Last Tuesday’s debate between Bill Nye the Science Guy and Ken Ham, president of the Creation Museum, whipped up a Sharknado-like frenzy online. Five hundred thousand viewers and seemingly all of Twitter followed the event live, which pitted evolution against creationism. Some called it a modern-day Scopes “monkey” trial, others a waste of time. The video has more than a million views on YouTube.
Epidemiology: A Deadlier Bird Flu in China
A new and more lethal strain of avian influenza is surging through China, experts say. Known as H7N9, the strain first emerged last March, and has already infected at least 300 people; about a quarter have died. By contrast, the H5N1 strain that jumped from birds to people in 2003 took five years to reach the 300-case mark. “H7N9 is blowing right by H5N1,” said Michael T. Osterholm, director of the Center for Infectious Disease Research and Policy at the University of Minnesota. A newer strain, H10N8, has infected two people in China and killed one. Neither strain sickens the birds that carry it.
Agriculture:‘Climate Hubs’ to Aid Farmers
The Obama administration will create seven regional “climate hubs” to help rural communities and farmers adapt to the risks of climate change, Agriculture Secretary Tom Vilsack announced. In 2012, record drought took a toll on farmers, and the economy lost $50 billion to drought from 2011 to 2013, according to government estimates. The White House hopes the new hubs will also help make the case for broader climate regulations.
Obstetrics: Long Childbirths, Misplaced Fears
For women who have had epidural anesthesia, a normal second stage of labor — in which the mother pushes — can last as long as 5.6 hours during a first birth, a new study said. For second births, a normal second stage can last 3.3 hours. Those are each more than an hour longer than generally recognized, suggesting that some women are being subjected to unnecessary interventions, such as cesarean sections. The researchers said current guidelines should be revised.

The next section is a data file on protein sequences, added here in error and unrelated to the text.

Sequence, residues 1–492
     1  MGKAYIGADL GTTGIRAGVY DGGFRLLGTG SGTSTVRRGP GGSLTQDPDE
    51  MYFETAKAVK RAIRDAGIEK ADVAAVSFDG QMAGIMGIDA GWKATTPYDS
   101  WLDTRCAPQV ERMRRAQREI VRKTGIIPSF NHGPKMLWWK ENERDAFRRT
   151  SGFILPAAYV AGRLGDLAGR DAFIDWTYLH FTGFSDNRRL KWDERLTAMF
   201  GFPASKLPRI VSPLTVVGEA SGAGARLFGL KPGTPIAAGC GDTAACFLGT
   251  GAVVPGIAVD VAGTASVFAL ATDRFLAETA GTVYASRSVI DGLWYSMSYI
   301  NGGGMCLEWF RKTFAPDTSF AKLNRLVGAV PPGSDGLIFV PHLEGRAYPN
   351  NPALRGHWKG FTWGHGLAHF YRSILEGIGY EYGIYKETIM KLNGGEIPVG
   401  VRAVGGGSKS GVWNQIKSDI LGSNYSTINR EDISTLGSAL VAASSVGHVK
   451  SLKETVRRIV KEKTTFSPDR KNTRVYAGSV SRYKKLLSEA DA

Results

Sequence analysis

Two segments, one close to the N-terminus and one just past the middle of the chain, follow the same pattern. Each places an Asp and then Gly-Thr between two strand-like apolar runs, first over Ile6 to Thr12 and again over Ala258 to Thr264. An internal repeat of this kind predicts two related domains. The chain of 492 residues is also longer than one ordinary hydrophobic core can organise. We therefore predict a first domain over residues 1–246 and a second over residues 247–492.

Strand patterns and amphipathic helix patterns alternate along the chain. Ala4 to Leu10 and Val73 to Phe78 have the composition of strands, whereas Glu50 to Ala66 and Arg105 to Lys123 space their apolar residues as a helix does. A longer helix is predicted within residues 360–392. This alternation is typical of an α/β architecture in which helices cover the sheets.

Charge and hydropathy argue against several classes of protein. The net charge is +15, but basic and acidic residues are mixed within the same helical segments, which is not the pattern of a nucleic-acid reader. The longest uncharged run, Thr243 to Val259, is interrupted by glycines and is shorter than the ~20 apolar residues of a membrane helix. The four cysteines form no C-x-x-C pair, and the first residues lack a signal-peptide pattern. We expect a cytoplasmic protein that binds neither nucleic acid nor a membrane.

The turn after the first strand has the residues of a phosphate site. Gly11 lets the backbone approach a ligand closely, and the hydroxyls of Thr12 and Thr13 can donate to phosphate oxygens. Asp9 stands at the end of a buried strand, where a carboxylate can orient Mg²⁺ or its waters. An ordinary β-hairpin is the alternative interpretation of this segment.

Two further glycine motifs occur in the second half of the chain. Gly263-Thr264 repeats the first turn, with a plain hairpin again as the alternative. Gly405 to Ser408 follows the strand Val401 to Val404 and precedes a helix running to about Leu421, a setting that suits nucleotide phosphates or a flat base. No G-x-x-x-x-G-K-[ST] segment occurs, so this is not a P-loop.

Conservation: Fish Wriggles Off Endangered List
The Oregon chub, a tiny minnow found only in the Willamette River Basin, is poised to become the first fish ever removed from the list of endangered and threatened species as a result of recovery, the Fish and Wildlife Service announced. The fish was listed in 1993 because of loss of habitat and predation by nonnative species. At the time, fewer than 1,000 of the fish existed, but thanks to a recovery plan that included habitat restoration, that number now exceeds 150,000.
Space: A Wobbly Planet
NASA’s Kepler telescope has discovered a planet so wobbly that its seasons must fluctuate wildly, The Los Angeles Times reported. About 2,300 light-years away, in the constellation Cygnus, the planet — Kepler-413b — spins on an axis that could vary as much as 30 degrees over 11 years. By comparison, Earth’s rotational precession is 23.5 degrees over 26,000 years. Astronomers suspect that other planetary bodies have tilted its orbit, or that a star is exerting a gravitational pull.
Physics: Brookhaven’s Primordial Soup
Researchers at Brookhaven National Laboratory began pumping liquid helium into 1,740 superconducting magnets last week as they prepared to recreate the primordial soup that emerged after the Big Bang, The Huffington Post reported. Once the magnets chill to absolute zero (or close), they will be used to smash gold ions at near-light speed, creating temperatures of 7.2 trillion degrees Fahrenheit. That should melt the protons and neutrons, mimicking the plasma that existed in the moments after the universe was born. The experiment aims to explain how the universe evolved.
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